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PJ-clad families caught in the 'Web'

May 07, 2007|by DON AINES

CHAMBERSBURG, Pa. - One of life's pleasures is slipping into a pair of pajamas and snuggling up with a good book, as several hundred children and parents did Thursday evening at Stevens Elementary School.

The eighth annual PJ Readers Night drew mothers and fathers and sons and daughters to the school for a dinner, readings, activities and crafts based on the theme for the evening, "Charlotte's Web."

In darkened hallways, parents and children huddled together using flashlights to illuminate the words and pictures in books such as the one first-grader Audin Bean was reading, "Falling for Rapunzel."

"This is the best turnout we've ever had," said Liza McCormack, a guidance counselor at the school. "We used to have no parental involvement," but it has grown each year with PJ Readers Night, she said.

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"I think it's a good learning experience for my son and he's excited to come in and read," Tammy Rice said of second-grader Kaywan Johnson. "We came here last year, too."

"It's fun. More fun than working," Kaywan said.

"Each child gets a 'Charlotte's Web' book tonight at their reading level," said Eileen Blowers, a Title I reading specialist at the school. Three versions of the E.B. White children's classic, linked to the film version released last year, were available, she said.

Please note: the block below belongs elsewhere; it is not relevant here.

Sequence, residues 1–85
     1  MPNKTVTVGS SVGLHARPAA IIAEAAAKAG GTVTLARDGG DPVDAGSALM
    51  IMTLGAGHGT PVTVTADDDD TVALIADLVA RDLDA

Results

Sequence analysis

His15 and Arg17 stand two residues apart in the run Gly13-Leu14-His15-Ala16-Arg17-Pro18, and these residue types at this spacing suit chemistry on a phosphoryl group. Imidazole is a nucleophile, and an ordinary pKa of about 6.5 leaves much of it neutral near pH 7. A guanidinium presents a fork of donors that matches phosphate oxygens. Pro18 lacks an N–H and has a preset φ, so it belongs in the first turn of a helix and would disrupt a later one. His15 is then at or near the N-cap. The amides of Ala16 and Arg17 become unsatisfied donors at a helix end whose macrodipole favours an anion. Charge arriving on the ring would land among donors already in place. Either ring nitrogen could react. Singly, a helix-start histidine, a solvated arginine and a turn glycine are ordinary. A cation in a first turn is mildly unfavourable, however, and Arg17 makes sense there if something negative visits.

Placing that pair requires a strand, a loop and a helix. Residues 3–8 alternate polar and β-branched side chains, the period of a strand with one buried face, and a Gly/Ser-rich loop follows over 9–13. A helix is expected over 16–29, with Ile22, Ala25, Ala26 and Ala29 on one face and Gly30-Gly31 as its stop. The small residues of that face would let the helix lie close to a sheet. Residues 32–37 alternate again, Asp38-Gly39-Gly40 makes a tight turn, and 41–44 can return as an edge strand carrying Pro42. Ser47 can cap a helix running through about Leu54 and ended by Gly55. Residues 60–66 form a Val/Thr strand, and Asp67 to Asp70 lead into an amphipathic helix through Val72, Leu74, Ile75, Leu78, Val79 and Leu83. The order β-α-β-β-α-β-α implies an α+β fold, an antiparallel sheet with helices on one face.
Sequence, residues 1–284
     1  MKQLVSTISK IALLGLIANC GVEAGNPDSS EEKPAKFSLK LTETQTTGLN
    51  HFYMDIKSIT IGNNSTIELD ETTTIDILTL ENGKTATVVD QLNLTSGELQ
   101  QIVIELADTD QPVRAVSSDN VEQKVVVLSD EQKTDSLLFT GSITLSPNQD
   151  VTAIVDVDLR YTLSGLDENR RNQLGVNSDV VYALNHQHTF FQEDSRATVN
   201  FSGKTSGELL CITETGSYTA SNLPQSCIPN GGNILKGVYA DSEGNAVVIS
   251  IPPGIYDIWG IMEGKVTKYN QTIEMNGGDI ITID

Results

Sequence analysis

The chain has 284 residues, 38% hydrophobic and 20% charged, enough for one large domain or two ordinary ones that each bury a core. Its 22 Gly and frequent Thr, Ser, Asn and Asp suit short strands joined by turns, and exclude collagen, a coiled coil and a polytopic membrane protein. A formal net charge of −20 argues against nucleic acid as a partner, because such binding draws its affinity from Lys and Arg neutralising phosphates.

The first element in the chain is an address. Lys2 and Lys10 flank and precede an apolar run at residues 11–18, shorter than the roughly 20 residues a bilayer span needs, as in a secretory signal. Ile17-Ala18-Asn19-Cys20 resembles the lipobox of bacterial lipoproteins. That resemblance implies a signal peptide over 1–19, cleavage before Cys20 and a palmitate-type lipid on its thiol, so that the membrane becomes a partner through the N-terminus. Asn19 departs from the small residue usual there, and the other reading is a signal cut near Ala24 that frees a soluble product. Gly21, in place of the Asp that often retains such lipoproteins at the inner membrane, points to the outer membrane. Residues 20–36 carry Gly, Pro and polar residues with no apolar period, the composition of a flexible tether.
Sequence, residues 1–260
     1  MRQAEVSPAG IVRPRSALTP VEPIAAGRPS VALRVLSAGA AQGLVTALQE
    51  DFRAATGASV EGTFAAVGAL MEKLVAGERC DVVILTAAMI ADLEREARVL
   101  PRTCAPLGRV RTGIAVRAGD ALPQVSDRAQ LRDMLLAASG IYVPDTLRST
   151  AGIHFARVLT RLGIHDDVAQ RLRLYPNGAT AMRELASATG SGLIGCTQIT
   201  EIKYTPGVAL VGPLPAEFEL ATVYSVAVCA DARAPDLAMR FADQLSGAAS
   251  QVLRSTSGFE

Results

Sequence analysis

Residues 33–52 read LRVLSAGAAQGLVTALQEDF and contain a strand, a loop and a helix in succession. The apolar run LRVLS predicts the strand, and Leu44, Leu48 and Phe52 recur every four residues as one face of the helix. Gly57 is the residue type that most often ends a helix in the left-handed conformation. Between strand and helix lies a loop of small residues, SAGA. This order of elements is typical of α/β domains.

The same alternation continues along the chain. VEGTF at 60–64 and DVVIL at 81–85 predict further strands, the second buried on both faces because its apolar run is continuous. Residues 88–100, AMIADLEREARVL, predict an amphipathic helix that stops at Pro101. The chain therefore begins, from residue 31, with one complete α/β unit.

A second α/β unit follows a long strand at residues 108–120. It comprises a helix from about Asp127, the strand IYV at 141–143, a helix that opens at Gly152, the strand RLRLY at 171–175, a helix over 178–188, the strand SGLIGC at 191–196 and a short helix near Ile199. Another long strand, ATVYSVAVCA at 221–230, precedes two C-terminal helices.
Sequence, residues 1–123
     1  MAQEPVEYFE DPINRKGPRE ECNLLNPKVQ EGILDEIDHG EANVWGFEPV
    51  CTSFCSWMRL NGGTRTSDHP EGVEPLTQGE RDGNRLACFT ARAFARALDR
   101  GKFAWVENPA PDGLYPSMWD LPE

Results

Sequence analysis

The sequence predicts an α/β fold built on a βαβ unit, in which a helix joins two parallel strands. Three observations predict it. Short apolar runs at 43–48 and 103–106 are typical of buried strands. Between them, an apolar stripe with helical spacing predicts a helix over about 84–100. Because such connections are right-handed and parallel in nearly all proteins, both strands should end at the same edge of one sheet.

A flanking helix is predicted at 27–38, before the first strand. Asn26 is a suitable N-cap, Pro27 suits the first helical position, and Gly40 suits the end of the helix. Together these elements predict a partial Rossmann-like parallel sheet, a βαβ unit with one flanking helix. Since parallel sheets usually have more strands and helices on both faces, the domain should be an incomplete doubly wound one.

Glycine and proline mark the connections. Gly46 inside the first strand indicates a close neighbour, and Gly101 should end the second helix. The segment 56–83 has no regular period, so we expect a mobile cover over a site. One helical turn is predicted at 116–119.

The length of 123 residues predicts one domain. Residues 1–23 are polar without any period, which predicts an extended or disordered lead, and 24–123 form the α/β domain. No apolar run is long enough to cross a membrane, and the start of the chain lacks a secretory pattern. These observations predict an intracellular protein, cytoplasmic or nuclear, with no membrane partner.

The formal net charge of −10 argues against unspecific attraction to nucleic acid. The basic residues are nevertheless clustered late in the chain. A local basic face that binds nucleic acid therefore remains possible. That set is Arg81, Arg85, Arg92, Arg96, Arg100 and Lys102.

"It's exciting to get so many parents involved and get this many people out for a reading celebration," said Sylvia Rockwood, the Chambersburg Area School District's director of information services. Dressed in pink striped jammies, Rockwood read from one of the "Charlotte's Web" books in the school's multipurpose room.

Parental involvement is a requirement of Title I, a federal program to provide extra instruction for at-risk students. Ninety-five percent of the students at Stevens Elementary are in the free or reduced-price lunch program, a measurement used to determine that risk, Blowers said.

More than 400 parents and children signed up for the event, Blowers said.

Parents and children selected books and were given flashlights for the hallway readings. Others used paint and marbles in small pizza boxes to create web patterns, drew pictures related to the stories they were reading and worked on activity books.

There also were literacy kits for preschool children, with toys, games and activities to boost those children's skills before they enter school, Blowers said. Those were provided through the Drew Michael Taylor Foundation, named for the son of teachers Randy and Marcie Taylor, who was killed in a vehicle crash last year.

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